Miss Vicky is a retired nurse-volunteer, who specializes in providing short-term foster care to children who fail to grow and thrive, not because they don't have enough food to eat, but because they have been abused or neglected. I am all ready seeing signs of improvement in Naila. She is opening up, and beginning to give us eye contact, smile, babble, and play. Naila is a wounded spirit, in a frail body. A spiritual healing will in all likelihood, lead to improvements in her appetite and general health. Miss Vicky is a wise and loving foster mother, and we both agree that patience and kindness, rather than force, will be crucial to Naila's healing.
A line was sited in her foot. I left Angela in the care of the night nurse and returned in the morning, to find the baby's leg swollen up past the knee. The Iv had perforated the vein and the infusion fluid had seeped under her skin. Angels's leg was grossly swollen, hard to touch, shiny and seeping fluid. A few hours later, the skin on her foot split open due to the pressure of the fluid that had built-up. I was so upset. It is a nursing responsibility to observe IV sites every hour and to remove the lines if there are any signs of redness, swelling, infection or hardening of the vein. Our night nurse had clearly left the child and the teenaged care-giver, who, had accompanied her from her orphanage, alone in a room overnight.
Now, Angela has a serious wound on her foot. The pressure of the fluid compromised blood flow to the skin and the tissues below it. As a result, these tissues have died and infection has set in. Angela has lost so much tissue on the back of her foot that the surgeon we took her to says that she will need a skin graft. Unfortunately, this baby is too anaemic, to frail and too weak for surgery. We are doing our best to get her weight up and get her strong.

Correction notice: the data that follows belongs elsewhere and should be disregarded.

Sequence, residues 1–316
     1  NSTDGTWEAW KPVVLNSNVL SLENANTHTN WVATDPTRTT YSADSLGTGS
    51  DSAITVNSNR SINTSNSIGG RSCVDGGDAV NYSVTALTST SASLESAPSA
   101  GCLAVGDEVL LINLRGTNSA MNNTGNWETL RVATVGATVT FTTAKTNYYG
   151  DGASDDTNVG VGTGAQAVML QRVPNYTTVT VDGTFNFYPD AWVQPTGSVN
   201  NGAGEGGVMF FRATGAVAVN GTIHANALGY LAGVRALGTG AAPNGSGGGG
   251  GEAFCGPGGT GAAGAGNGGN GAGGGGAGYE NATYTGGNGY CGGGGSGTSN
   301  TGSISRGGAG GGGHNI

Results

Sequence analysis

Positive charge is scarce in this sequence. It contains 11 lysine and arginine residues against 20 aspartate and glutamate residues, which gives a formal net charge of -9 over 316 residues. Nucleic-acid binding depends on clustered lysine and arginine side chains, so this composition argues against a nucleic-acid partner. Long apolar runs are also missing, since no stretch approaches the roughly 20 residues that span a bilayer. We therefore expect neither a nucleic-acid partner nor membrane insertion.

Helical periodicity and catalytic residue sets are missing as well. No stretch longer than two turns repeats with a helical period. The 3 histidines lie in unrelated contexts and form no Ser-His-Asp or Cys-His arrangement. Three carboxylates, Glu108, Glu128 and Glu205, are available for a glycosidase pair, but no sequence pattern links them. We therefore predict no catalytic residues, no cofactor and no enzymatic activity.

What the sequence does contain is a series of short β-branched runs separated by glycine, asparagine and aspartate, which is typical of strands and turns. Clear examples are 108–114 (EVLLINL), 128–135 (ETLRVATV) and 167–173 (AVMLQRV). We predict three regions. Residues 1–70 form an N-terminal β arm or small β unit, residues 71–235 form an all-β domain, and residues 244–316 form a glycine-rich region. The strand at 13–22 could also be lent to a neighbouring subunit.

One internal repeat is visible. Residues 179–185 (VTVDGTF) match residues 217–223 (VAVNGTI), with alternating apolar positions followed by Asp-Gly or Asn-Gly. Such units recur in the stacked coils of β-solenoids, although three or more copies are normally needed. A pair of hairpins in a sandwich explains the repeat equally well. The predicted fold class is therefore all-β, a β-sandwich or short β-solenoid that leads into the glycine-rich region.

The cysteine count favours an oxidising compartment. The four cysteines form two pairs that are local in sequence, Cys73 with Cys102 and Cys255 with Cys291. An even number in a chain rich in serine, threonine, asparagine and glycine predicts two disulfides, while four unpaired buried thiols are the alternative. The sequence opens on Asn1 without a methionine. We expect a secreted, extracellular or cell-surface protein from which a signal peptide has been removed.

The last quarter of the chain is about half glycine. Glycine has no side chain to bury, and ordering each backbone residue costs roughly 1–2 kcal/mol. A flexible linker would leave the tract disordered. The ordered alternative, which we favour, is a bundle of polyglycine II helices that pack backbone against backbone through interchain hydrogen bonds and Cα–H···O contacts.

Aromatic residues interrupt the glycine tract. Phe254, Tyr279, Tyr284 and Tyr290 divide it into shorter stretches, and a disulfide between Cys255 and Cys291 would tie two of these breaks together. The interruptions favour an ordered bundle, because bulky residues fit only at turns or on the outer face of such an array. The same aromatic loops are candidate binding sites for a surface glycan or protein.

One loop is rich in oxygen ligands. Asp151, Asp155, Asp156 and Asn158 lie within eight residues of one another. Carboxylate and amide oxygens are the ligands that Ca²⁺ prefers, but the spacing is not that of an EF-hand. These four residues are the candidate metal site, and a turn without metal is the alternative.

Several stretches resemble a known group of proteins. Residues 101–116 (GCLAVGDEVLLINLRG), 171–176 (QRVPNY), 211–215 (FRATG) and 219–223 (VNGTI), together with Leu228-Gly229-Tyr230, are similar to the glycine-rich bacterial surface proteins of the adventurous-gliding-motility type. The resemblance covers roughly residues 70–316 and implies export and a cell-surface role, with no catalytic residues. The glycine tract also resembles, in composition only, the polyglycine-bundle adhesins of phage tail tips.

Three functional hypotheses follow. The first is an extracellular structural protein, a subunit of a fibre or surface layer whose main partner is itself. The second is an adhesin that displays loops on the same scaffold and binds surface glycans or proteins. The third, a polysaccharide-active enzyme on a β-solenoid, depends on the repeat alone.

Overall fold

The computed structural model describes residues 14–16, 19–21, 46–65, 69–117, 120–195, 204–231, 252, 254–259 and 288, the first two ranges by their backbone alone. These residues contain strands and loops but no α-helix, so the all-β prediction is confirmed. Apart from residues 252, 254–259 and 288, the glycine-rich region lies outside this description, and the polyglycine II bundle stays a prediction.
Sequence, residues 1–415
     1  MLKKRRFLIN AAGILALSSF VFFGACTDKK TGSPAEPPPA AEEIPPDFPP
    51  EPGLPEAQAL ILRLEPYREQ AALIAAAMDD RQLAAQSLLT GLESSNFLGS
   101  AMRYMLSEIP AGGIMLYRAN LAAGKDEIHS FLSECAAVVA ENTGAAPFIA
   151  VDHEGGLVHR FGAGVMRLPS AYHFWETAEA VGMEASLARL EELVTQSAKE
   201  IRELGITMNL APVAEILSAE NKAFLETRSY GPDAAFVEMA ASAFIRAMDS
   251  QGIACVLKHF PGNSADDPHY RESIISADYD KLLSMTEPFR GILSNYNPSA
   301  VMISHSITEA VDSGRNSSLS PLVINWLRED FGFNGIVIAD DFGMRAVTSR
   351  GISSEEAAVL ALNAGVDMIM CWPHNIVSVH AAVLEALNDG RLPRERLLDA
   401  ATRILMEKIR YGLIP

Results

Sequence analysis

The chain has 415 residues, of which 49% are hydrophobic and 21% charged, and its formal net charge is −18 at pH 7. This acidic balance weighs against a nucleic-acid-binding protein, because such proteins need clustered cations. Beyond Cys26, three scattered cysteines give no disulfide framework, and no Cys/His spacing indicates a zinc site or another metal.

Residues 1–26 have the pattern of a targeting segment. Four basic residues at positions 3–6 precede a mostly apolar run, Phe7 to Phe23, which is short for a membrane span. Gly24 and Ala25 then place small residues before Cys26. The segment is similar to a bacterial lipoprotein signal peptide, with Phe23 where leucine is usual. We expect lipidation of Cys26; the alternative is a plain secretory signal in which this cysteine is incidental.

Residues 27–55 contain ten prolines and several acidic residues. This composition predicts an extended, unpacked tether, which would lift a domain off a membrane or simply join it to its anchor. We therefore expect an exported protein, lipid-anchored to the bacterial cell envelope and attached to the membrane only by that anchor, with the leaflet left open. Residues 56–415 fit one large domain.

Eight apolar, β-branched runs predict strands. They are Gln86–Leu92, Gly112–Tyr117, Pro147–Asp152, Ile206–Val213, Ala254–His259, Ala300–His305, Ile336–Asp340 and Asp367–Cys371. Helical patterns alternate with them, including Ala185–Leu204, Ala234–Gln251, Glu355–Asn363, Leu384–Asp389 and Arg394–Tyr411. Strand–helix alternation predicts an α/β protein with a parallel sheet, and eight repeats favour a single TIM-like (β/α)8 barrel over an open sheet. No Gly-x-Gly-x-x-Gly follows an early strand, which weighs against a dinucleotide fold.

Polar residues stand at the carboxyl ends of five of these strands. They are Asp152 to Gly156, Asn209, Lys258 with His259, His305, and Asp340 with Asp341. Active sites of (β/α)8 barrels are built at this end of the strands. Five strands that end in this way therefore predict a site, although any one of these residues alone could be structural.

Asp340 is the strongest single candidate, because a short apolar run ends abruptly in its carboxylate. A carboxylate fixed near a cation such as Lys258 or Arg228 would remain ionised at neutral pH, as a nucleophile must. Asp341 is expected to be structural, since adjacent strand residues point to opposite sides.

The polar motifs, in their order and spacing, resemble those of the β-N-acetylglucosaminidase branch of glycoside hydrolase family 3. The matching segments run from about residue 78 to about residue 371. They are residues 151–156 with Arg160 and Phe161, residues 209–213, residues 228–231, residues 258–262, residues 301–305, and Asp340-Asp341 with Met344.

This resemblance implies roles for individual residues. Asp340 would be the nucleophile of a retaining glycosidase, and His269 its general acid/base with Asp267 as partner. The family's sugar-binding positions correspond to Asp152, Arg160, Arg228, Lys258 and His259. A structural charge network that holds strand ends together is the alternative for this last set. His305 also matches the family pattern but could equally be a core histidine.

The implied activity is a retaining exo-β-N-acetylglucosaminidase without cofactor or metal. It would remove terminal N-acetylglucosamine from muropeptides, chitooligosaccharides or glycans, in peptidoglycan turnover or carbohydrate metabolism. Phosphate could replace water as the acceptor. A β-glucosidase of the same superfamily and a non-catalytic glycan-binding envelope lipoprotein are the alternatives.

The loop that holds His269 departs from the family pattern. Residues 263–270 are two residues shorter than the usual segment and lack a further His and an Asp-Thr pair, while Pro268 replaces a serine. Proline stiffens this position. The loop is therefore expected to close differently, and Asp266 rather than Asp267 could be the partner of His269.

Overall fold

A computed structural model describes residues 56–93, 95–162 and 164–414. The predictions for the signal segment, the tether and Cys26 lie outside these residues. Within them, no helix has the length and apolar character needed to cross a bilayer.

It is my prayer that she will experience a miraculous healing, and that she will not need surgery at all. I feel a heavy weight of responsibility: a child in need has come to us for help. As a result of negligent care, she has sustained a serious and preventable injury. I cannot be in the nurseries 24 hours a day, yet still, yet I am accountable for the nursing care that is delivered in the nurseries around the clock. I am frustrated, because although I strongly feel that the nurse who was on duty that night should be called to account for allowing this injury to occur, and that steps should be taken to ensure this incident is not repeated, it has been decided that the orphanage will pay for the baby's surgical care, but that the nurse is not to be called to be challenged. It has also been decided that no changes are to be made to the way that the staff account for the care that they provide. Although I lead the nursing staff and the nannies, and have a great deal of decision making authority in terms of the care and treatment that the babies receive, I have virtually no authority to change the systems and ways of working that are in place. As a result, some poor practices persist. The excuse that these aspects of care are cultural is wearing thin. I want the best for these babies, the very best I can give, and I sense God calling me to continuously push boundaries, to make things better.